Read on for more details

Salvia, a plant for every situation

Every month I write about a particular plant or two. I showcase what gardens the plant suits and mention the particular features of that variety. This month I’ve decided to write about salvia.

But unlike most of the other plants I feature, salvia can’t be narrowed down to just one set of traits or characteristics. The salvia genus includes over 900 species!

It has annuals, biennials, perennials and shrubs. There are dwarf varieties, bedding ones, some that grow up to 3m tall and wide and did you know that sage is in fact a form of salvia?

At Awapuni we sell seven varieties of salvia including both annuals and perennials. We have salvia red dwarf and our mixed salvia bundle which both grow to a height of 25cm. Victory white and patens electric blue both grow to approx 50 and 60cm respectively and the blue bedder which grows to a substantial 90cm high. And the range of colours includes blue and purple, white, and different shades of red.

Most of our salvia plants flower from summer through to autumn and are good for bedding and the back of borders. Because of the erect manner which salvia patens electric blue’s branches grow, it can look incredibly striking grown in a pot over summer. In fact, that’s probably the one consistent with salvia – it tends to look very striking wherever you grow it.

You can grab your salvia seedlings from our online store or next time you’re down at your local supermarket or Bunnings. Luckily, given the several varieties of salvia on offer, each seedling bundle label has clear planting instructions on the back. But generally they like rich, well-drained soil in full sun to light shade. If you’re growing a dwarf variety simply plant 15cm apart and if it’s taller salvia try planting 30-50cm apart.

Then in about eight to 10 weeks you can expect to see some striking salvia colour start to show in your garden.

Lose the laterals

Growing tomatoes? It can be a good idea to pick off the laterals as they develop. Often laterals won’t produce fruit but can produce a lot of leaves. If you pick them off it allows the plant to put all its energy into growing fruit, rather than a whole lot of leaves you don’t need.

If you imagine a tomato plant has a main trunk that grows straight up with branches growing this trunk at roughly 90 degrees, the laterals are the smaller stems that develop at approximately 45 degrees in between the main trunk and stem. Apply the same formula for working out the laterals on the main trunk to working out which are the laterals on each subsequent stem. Make sense?


Complimentary companions

Now is the time of year when it’s good to grow many different varieties of vegetables – including cucumbers. This is good news because cucumbers like to be grown with plenty of different plants. They’re said to grow nicely with beans, corn, peas, sunflowers, lettuces and particularly radishes, which may repel cucumber beetle.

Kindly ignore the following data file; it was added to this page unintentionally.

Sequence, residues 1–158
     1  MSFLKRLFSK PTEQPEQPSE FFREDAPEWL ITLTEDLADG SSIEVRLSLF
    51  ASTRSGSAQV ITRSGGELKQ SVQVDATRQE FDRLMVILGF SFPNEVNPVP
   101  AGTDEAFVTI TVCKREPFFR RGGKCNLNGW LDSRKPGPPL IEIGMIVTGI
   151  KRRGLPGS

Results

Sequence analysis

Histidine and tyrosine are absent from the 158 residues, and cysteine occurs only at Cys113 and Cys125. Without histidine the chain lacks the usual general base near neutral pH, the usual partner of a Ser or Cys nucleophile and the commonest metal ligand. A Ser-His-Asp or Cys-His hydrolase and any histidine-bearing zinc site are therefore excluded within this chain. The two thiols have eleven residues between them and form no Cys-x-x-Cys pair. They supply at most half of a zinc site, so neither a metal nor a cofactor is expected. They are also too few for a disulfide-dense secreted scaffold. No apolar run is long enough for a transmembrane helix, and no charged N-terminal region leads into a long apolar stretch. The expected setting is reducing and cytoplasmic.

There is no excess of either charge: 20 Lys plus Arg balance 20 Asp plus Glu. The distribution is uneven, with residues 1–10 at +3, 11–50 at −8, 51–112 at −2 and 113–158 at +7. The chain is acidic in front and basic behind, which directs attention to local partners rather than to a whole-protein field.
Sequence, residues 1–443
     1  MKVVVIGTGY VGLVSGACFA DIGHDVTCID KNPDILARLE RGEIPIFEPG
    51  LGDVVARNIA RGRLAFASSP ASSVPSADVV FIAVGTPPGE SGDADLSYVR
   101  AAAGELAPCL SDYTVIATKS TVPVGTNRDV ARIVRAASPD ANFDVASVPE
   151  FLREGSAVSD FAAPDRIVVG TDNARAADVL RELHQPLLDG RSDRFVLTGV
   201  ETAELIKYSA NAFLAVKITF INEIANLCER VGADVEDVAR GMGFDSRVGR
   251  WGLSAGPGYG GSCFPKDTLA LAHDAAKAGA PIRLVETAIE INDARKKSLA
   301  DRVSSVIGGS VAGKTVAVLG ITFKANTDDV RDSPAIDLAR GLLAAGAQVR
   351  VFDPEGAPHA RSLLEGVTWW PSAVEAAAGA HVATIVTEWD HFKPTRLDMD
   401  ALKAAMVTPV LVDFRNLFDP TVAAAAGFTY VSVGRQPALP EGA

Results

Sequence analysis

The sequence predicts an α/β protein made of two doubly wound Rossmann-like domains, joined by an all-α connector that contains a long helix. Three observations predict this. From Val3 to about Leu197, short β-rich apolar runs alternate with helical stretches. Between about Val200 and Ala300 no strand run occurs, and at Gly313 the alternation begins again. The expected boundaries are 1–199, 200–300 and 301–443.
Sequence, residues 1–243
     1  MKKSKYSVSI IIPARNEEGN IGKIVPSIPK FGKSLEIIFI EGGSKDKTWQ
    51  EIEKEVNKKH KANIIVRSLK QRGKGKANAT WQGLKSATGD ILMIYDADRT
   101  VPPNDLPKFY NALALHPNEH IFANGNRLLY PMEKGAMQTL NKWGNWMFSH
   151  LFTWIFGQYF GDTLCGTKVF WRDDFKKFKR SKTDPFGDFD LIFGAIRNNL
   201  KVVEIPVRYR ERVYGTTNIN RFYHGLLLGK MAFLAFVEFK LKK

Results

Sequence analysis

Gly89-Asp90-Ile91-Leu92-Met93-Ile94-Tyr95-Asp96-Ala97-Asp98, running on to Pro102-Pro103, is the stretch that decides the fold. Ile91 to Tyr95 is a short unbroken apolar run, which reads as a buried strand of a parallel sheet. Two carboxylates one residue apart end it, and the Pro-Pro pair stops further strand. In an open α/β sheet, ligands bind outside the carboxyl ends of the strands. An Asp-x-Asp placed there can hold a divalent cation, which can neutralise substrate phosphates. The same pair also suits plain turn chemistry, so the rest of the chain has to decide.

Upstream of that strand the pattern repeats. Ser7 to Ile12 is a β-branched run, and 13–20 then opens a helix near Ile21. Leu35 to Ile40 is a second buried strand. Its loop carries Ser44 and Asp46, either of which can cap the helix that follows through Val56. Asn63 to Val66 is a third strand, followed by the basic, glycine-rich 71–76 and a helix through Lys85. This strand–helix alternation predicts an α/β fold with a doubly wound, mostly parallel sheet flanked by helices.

Some say they don’t like growing next to potatoes but others say they do. We’d love to hear your thoughts on this. To grab some cucumber seedlings head to our online store and for tips on growing cucumbers visit here.

Remember, these are companion planting tips and methods we've picked up along the way or heard of from other gardeners. We're not promising they'll work 100% but they're worth a shot in any garden – particularly if you're trying to promote natural growth and keep it pesticide free.

For more information on companion planting visit here. And if you've had any experience with cucumber as a companion plant (good or bad) we'd love to hear about it.

Email us here.

Curtail critters with crushed egg shells

Many of you will be aware that crushed eggshells are said to help keep slugs and snails at bay. While not 100% reliable, used in combination with other slug deterrents, crushed eggshells can be used to create a rough and abrasive barrier to slow slugs down and encourage them to go elsewhere (hopefully into your slug beer bait!).  

Lisa from Palmerston North says she keeps a bucket in her hot water cupboard and throws in her dried used eggshells as she goes and by spring she has a bulk supply of shells ready to surround her new seedlings.

Lisa has won a selection of Awapuni seedlings for sending in her tip. Don’t worry if your tip didn’t get selected this month, all tips received (no matter when) will stay in with a chance to win.

Send your gardening related tips to and for terms and conditions on entry visit here.

November is a good time to...

Plant all your favourite herbs and veges. Fennel, basil, tomatoes, courgettes, eggplant, lettuce and capsicums are all plants that grow well at this time of the year. Basically any plant that’s currently in stock on our online shop is good to go in the ground now.

Mulch to suppress weeds and
keep the moisture in the soil. Watch out for birds, aphids and slugs. And sow grass seed to thicken up lawns.

Read More.


Henri and Paul Ham, Awapuni Nurseries Ltd
Pioneer Highway PO Box 7075 Palmerston North 4443 NEW ZEALAND


P: 64 6 354-8828 F: 64 6 354-8857 W: E: